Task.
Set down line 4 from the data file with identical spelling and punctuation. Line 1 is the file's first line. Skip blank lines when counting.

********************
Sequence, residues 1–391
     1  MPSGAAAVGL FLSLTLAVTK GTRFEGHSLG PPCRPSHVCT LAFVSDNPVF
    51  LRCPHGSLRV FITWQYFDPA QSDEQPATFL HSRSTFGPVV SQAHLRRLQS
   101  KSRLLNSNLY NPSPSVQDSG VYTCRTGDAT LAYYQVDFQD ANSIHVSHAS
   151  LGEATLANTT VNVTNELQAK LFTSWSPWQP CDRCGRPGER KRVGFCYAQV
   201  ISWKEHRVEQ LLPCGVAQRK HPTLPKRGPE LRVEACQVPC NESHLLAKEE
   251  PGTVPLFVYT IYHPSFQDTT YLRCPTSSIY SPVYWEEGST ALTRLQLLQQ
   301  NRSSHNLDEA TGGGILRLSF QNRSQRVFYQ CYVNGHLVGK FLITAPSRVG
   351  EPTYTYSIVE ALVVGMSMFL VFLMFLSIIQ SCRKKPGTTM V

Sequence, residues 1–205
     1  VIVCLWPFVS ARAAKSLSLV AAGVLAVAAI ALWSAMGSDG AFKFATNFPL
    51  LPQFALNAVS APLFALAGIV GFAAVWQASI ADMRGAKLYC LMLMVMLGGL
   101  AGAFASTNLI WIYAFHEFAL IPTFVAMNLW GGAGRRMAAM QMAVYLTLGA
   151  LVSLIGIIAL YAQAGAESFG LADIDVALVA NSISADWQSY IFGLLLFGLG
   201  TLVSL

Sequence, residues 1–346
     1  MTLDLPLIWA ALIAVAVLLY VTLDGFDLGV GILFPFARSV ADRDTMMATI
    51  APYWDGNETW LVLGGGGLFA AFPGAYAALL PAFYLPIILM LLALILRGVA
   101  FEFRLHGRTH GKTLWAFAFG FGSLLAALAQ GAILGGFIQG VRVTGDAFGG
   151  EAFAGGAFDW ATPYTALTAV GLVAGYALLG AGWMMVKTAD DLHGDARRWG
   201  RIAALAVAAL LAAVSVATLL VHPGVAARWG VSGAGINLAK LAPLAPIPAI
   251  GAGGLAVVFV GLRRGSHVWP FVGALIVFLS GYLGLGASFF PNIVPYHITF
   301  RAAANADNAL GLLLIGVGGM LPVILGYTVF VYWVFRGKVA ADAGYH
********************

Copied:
   101  KSRLLNSNLY NPSPSVQDSG VYTCRTGDAT LAYYQVDFQD ANSIHVSHAS